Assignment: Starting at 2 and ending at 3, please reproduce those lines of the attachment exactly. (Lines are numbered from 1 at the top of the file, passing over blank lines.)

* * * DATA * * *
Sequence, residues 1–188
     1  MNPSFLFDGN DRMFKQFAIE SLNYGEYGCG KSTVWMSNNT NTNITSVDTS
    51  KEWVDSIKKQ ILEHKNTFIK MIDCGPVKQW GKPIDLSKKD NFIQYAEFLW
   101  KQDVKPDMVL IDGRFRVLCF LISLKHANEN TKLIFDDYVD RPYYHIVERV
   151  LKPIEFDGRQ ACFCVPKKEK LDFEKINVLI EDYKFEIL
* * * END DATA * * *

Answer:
     1  MNPSFLFDGN DRMFKQFAIE SLNYGEYGCG KSTVWMSNNT NTNITSVDTS
    51  KEWVDSIKKQ ILEHKNTFIK MIDCGPVKQW GKPIDLSKKD NFIQYAEFLW